My go-to CAD software is Rhino 3D, and I love to use Grasshopper whenever I can. Additionally, I also know my way around SolidWorks and Fusion360. All I know about CAD I learned by myself, watching tutorials or problem-solving on the go.

Furthermore, for the past 3 years I have been working at Bezalel Academy in Jerusalem, operating a CNC machine and laser cutter for design, architecture, and art students, as well as seasoned designers under my capacity as a makerspace manager at Hansen 
House. As a result, I can proudly say I know a thing or two about CAM, toolpaths, chiploads, Gcode, etc.

Overall, I like to approach the digital fabrication process from an exploratory place. This means not only learning standard practices, but also using what I know to utilize the technology within my reach in new and interesting ways. In front of you is a mix of fully conceived and exploratory designs done in the digital space.

First of all it is important for me to demonstrate how important it is to educate to digital craftsmanship. Here is a taste of a course I gave to Visual Communications students at Bezalel, how to use a laser cutting machine to its full potential. The first two images are a test plate I made to demonstrate to them the different capabilities of the machine.

While teaching myself parametric design I made a go at creating a geodesic bowl that could be manufactured with a laser cutter and sewn together with string. I was exploring the intersection of handmade and digital crafts.

Another exercise in parametric design. It was an experiment to see whether I could create a dovetail that is encoded with a literal message input by the user.  Here I made a tongue-in-cheek design I call ‘handmade dovetail’. Ironically, while the dovetail did succeed, it was not without a significant amount of handwork cleaning the two 3D prints so that they fit one another.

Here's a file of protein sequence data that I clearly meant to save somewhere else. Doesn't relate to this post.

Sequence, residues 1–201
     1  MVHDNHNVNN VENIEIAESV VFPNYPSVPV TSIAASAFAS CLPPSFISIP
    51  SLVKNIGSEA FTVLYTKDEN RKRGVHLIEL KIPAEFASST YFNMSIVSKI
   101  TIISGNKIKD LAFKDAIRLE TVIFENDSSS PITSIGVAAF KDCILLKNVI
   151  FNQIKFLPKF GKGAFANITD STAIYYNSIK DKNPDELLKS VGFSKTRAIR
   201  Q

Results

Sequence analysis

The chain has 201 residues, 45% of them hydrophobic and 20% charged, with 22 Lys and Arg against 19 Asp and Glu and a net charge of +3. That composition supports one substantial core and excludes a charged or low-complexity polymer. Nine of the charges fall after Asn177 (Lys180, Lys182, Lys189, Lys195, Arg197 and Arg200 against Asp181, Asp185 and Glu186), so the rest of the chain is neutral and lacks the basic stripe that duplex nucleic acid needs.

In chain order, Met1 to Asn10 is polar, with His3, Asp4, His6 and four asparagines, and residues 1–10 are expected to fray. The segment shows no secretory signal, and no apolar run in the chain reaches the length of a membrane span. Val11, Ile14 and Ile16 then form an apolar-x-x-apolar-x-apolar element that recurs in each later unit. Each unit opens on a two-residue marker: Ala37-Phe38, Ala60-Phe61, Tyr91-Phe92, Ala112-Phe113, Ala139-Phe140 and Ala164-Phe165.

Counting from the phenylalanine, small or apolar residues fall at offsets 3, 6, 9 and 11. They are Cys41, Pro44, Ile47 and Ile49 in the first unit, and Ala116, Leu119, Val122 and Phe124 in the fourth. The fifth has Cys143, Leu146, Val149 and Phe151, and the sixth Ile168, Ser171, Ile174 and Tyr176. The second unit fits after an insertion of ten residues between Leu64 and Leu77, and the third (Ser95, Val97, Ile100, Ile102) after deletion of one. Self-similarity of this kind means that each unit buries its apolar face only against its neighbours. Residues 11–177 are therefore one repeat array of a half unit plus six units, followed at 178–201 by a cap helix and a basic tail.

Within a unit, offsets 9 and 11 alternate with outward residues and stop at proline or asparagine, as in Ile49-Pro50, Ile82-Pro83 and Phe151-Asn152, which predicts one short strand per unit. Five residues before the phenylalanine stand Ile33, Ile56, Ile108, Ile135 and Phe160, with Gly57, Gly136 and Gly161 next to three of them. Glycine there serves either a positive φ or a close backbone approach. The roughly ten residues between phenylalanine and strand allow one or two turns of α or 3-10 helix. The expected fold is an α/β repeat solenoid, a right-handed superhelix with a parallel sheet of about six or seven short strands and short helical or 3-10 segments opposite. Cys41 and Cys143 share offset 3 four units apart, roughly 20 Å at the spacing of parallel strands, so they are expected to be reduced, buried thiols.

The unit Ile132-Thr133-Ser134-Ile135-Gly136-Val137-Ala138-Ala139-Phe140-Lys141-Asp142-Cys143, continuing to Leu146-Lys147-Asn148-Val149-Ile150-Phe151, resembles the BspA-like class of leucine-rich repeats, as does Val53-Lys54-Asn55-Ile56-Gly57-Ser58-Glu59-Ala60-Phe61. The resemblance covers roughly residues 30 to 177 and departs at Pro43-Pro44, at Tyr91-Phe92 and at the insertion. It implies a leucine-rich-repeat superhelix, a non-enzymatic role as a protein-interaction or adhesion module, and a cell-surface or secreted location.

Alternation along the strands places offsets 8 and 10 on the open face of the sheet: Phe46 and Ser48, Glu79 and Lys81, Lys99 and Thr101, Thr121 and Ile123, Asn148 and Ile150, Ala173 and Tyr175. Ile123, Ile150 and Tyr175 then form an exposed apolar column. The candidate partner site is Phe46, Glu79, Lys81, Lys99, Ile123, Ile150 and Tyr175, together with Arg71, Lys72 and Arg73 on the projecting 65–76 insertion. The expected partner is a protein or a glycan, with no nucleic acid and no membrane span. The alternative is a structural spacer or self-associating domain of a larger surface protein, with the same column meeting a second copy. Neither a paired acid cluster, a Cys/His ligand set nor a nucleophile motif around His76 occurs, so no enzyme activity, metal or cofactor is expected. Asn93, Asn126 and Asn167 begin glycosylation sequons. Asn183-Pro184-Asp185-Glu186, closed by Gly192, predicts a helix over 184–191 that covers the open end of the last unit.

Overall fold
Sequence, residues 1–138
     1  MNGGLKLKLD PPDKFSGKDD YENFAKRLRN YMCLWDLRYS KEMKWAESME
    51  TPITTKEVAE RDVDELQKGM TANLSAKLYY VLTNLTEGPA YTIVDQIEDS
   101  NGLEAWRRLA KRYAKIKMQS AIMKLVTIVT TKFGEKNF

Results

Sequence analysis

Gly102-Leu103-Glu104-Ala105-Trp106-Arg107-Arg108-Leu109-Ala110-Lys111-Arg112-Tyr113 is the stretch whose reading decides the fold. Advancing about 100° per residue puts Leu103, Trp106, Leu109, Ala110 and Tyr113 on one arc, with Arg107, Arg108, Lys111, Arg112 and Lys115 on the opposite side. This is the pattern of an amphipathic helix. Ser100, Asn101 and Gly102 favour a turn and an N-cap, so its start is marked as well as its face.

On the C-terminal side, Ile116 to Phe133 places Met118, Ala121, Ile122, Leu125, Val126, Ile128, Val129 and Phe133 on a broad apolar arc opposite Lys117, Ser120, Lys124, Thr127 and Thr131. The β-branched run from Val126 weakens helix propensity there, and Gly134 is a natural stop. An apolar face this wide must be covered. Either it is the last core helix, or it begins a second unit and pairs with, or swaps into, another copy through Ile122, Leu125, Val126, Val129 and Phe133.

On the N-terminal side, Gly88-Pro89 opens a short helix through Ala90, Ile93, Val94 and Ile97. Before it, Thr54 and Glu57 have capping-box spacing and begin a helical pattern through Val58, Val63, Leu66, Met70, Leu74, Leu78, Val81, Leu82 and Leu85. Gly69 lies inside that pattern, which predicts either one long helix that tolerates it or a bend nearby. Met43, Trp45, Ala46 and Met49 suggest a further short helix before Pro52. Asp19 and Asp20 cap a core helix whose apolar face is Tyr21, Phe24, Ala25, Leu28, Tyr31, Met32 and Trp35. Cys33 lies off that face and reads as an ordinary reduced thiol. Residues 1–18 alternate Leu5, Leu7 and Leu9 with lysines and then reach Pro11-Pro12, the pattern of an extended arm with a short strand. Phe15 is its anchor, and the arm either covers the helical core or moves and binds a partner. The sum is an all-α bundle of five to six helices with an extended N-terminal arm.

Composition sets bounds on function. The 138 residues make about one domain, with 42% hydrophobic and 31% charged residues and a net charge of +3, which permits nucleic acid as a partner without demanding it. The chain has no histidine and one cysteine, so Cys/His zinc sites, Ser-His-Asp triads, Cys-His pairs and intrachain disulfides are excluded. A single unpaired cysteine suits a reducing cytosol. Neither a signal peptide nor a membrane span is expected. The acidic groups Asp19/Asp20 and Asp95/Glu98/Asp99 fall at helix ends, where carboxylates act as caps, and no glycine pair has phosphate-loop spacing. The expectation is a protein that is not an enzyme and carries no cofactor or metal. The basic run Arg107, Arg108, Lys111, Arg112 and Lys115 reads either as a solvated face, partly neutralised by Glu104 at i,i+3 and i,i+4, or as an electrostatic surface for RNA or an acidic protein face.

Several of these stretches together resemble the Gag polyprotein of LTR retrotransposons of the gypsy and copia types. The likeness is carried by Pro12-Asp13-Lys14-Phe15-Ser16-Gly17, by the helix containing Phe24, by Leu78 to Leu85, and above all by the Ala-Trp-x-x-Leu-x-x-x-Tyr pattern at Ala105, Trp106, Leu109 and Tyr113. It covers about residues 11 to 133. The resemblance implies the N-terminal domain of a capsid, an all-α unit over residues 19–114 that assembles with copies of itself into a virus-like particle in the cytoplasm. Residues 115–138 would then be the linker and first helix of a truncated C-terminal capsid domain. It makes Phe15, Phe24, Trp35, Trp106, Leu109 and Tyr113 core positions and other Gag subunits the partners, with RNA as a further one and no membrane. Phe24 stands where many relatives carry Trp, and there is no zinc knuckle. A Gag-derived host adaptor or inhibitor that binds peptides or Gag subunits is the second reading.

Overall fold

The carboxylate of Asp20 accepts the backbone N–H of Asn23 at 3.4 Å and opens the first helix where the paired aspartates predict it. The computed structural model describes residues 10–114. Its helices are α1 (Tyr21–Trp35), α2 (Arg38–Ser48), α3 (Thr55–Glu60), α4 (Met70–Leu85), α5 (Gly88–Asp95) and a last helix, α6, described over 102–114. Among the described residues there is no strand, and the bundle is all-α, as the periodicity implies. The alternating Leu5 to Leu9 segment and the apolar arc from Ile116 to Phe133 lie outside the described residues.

Another foray into the world of parametric design led me to program a code that allowed me to create a weave pattern within a digital 3D space. Within this code I was able to generate messages within the weave and also a measure of randomness to mimic the original handmade craft. I was even somewhat successful in milling a piece of pine with the digitally generated weave pattern.

Exploring different plug-ins for grasshopper, I found a way to sample a bitmap image and turn it into a heightmap. I used this to take a sketch of a prehistoric cave painting nicknamed ‘The Sorcerer’ and turn it into a 3D image milled carefully on a clay tablet. By way of 21st century technology I transmuted a prehistoric work of art into another prehistoric medium.

Using an intermediate level of text manipulation code in Grasshopper, I created a program to muddle Gcode for a 3D printer. It was an exercise in inserting randomness into the digital process of fabrication. By shifting the location of the coordinates a variable amount, in addition to jittering the order of the print coordinates per layer, I turned a simple bowl into something that resembles a birds nest. You can watch a simulation of the printing process over on Vimeo.

This large gallery represents just a sample of the digital labour that went into crafting my final thesis for my M.Des degree. The final project spanned multiple platforms, such as Midjourney, Adobe Illustrator, Rhino, Grasshopper, and more, not to mention the CAM softwares for the machines I used to produce the exhibit. 

For one of my courses I tried to implement AI into the design process. This was done when Midjourney and Dall-E were relatively new, and 3D generation was still very much in its infancy. I created a model wherein the use inputs answers to 4 seemingly inocuous questions about their state of being. These answers help to generate 4 facial models that are put together in a totem configuration. The design is then output as an STL file for 3D printing. In the last image you can see 10 different inputs and their respective totemic figures.

A sketch I made for a yet undeveloped concept of a jewelry box inspired by the shape of a sailing boat.
A 3D mock-up of a bench I used to make for Knots Studio in Jaffa. The bench was designed by studio founder Neta Tesler. 
One of my first forays into Grasshopper for Rhino. I gave myself the challenge of designing an ottoman parametrically.
This is what a Grasshopper canvas looks like. It is essentially a form of visual programming in a 3D space. This is the script for the aforementioned ottoman.